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Human Driver Model for SmartAHS

  • Author(s): Delorme, Delphine
  • Song, Bongsob
  • et al.
Abstract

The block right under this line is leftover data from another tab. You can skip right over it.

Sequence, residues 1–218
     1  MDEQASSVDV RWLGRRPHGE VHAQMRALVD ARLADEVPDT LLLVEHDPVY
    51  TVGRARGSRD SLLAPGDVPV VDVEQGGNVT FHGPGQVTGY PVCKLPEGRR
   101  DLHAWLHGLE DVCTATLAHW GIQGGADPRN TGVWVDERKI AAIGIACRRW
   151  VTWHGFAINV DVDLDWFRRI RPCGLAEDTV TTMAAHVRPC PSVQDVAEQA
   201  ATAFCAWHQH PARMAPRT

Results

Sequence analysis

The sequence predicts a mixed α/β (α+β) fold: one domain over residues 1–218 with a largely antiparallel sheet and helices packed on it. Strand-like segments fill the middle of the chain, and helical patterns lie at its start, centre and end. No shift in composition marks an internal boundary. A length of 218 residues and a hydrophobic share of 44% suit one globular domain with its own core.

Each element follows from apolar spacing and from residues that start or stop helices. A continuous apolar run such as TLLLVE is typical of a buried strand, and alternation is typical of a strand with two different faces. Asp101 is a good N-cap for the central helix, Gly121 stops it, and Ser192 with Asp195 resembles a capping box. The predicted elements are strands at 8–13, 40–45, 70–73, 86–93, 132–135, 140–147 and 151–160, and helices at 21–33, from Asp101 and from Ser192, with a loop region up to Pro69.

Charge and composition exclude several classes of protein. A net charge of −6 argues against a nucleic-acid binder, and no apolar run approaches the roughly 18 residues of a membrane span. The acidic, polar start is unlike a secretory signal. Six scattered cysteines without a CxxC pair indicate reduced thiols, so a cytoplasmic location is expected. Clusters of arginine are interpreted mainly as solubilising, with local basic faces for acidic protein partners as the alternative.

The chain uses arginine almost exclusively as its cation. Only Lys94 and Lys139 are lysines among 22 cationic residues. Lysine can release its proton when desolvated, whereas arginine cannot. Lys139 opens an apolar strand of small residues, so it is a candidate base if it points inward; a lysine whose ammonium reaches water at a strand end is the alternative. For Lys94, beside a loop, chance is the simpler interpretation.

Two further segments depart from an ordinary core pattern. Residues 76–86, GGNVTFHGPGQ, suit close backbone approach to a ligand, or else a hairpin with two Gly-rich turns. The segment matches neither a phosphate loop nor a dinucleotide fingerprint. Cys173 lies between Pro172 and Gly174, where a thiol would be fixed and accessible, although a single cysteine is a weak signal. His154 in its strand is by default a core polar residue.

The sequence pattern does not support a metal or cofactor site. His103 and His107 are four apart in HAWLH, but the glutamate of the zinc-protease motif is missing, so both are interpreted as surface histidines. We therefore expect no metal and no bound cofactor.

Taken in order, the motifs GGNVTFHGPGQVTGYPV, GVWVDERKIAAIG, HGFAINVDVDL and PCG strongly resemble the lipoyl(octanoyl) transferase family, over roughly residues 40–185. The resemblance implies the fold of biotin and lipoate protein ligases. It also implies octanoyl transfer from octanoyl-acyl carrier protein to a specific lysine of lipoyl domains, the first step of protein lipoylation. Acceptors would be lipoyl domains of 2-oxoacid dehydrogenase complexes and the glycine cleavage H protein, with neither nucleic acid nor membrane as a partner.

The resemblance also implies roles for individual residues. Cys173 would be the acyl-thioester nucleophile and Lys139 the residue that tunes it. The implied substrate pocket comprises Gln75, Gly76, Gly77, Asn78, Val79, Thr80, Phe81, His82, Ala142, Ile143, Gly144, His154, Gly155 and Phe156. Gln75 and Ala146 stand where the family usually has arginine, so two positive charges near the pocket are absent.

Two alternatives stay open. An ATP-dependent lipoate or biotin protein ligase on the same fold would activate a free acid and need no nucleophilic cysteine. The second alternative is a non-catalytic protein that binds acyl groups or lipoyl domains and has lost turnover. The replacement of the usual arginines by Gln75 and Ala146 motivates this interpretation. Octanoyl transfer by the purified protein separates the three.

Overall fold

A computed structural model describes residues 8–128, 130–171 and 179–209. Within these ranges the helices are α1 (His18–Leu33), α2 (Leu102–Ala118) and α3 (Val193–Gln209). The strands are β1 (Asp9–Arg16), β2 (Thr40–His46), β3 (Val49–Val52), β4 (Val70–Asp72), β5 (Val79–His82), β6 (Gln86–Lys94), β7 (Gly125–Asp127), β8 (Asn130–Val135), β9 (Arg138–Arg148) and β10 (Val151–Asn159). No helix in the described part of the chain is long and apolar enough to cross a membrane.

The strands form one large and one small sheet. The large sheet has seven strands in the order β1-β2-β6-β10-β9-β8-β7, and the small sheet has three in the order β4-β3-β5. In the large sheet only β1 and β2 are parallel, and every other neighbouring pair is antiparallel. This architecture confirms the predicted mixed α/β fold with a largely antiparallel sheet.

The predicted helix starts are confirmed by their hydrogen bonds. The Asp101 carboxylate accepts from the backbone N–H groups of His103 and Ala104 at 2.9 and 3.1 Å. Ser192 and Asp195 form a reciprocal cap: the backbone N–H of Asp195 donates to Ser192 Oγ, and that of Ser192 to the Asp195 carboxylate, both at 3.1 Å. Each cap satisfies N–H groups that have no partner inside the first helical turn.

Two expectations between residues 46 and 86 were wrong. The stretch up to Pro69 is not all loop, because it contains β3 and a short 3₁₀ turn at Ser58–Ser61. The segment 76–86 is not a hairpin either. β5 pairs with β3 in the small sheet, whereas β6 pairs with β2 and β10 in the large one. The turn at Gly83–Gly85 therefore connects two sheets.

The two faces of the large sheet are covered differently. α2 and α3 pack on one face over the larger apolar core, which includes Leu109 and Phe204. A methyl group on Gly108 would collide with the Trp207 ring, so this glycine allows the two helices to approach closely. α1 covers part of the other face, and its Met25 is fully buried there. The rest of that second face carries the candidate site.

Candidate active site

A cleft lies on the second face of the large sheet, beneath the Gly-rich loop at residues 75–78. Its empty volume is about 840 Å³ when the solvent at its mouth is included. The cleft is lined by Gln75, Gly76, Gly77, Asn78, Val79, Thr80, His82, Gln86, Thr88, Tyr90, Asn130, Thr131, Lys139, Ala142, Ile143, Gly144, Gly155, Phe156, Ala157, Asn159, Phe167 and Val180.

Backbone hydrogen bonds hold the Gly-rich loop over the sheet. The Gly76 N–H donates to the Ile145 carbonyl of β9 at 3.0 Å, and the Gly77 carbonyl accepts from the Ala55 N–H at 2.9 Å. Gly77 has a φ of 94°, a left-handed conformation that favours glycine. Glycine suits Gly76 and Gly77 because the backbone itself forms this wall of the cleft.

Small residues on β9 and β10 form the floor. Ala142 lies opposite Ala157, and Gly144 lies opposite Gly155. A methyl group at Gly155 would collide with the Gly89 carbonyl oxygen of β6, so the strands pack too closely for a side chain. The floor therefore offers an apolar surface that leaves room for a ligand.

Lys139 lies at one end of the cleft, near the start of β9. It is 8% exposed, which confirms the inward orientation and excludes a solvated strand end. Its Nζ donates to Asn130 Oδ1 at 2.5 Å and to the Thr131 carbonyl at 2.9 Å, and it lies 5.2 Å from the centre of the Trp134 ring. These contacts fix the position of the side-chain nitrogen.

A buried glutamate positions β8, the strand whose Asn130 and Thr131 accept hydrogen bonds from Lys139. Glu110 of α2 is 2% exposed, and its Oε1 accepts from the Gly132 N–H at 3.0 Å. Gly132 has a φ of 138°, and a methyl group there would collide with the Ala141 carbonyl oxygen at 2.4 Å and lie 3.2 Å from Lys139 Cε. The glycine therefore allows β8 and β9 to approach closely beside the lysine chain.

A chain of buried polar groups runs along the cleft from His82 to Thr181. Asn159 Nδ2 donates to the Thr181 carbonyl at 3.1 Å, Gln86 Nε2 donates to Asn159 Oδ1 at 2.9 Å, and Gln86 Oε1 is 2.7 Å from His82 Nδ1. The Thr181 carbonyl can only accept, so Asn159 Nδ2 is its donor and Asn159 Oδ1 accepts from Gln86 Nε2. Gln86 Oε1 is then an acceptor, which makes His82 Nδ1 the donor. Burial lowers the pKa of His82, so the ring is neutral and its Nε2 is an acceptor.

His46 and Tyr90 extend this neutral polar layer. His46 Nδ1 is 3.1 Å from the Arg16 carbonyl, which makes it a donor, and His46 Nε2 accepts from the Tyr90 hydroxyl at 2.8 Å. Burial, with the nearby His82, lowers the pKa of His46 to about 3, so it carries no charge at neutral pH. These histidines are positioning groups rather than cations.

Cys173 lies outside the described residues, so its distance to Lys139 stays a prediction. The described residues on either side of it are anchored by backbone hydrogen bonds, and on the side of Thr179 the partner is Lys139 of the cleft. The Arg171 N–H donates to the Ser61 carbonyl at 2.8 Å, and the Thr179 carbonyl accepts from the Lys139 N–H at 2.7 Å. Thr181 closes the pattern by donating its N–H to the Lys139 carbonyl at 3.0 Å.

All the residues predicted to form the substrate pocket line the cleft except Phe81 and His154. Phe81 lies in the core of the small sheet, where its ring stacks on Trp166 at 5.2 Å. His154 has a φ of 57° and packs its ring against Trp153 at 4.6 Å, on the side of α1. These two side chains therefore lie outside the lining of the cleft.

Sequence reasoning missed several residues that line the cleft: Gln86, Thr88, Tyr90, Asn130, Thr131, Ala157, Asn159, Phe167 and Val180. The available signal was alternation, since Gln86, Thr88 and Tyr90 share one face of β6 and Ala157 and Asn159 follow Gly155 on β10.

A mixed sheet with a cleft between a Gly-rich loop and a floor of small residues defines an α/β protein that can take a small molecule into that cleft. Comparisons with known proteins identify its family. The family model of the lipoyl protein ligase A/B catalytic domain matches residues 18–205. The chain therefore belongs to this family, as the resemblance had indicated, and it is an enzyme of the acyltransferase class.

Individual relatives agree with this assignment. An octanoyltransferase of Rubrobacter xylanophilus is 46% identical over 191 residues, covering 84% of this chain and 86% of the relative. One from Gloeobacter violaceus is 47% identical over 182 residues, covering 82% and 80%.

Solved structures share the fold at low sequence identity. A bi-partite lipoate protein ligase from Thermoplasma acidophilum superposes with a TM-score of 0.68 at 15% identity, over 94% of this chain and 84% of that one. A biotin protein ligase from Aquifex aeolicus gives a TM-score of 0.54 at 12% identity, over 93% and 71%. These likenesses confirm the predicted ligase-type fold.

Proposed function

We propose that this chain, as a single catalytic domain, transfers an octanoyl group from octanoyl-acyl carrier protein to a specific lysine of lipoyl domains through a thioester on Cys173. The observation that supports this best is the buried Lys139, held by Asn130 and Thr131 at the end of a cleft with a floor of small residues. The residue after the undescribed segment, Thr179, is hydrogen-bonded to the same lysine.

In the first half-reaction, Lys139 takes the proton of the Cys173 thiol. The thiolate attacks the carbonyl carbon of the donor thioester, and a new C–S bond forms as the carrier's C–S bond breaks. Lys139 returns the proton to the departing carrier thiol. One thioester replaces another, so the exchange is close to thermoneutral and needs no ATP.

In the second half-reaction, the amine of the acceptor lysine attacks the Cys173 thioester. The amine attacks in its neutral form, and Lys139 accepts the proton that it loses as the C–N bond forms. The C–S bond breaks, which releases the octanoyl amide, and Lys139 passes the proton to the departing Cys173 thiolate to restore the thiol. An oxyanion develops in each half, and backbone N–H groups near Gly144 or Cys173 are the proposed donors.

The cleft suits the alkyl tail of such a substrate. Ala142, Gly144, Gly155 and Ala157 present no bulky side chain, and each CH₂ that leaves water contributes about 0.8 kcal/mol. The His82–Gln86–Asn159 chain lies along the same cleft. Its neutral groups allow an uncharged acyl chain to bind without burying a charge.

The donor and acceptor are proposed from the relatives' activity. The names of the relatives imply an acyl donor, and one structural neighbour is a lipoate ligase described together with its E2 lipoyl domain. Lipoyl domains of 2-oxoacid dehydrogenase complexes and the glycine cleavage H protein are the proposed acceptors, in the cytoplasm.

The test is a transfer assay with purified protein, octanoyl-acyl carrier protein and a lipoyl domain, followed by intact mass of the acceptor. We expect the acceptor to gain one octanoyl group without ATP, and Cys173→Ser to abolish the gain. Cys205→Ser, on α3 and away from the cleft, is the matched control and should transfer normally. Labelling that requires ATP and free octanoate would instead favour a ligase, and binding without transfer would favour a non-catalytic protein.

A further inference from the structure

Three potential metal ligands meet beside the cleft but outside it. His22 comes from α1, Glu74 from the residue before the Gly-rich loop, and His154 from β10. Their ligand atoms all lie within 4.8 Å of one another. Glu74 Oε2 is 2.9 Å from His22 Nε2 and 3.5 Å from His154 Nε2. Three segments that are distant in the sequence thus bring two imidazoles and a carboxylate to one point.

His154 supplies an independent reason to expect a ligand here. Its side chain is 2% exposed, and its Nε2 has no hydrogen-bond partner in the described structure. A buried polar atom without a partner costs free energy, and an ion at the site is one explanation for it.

PATH AVCSS researches have been traditionally oriented toward automatic vehicle design. Recently, the field of investigation has been extended from Automated Highway System (AHS) to assistance driving systems. One of the tools built at PATH for automatic system design and assessment is SmartAHS. SmartAHS is a micro-simulation tool dedicated to the simulation of automatic vehicles and has shown to be very useful for fully automatic system simulation. These simulations permit researchers to evaluate the impact of such system on throughput improvement. In order to apply the same method to the design of partially automated systems, it is necessary to develop a human driver component for this simulation tool. This component needs to allow the comparison of human driving characteristics versus automated vehicles in the long term, but first, it has to permit the production, for simulation purposes, of a realistic human driving behavior.The goal of the modeling effort presented here is twofold. On one hand, there is an objective to design and evaluate AVCSS at a driver level (respective of human processing constraints), which imply a consideration of the cognitive processes involved while driving. On the other hand, there is also a goal to integrate of the model to a micro-simulation tool, for evaluation of AVCSS at traffic level, and more specifically in terms of throughput evolution. This second goal implies the consideration of vehicle modelsand control of the vehicle. SmartAHS mainly consists of automatically or semi-automatically controlled vehicles. This is why this component is called human driver model (as opposed to automated or semi-automated vehicles). The method preferred for the realization of this model is a capitalization of these various approaches by the application of a driver cognitive model, COSMODRIVE (COgnitive Simulation MOdel of the DRIVEr) (Bellet, 1998). This model conceptual framework is a skeleton around which can be organized the relevant aspects of the different approaches for the purpose of driver modeling. The general architecture of this model will be presented first, with a detailed description of the modules content and exchanges. In Section 2, the implemented modules and procedure of implementation will be described. The third section will be the description of the simulation realized with the model, for both normal driving and emergency case. Finally, this report will conclude with the description of a calibration procedure for part of the model.

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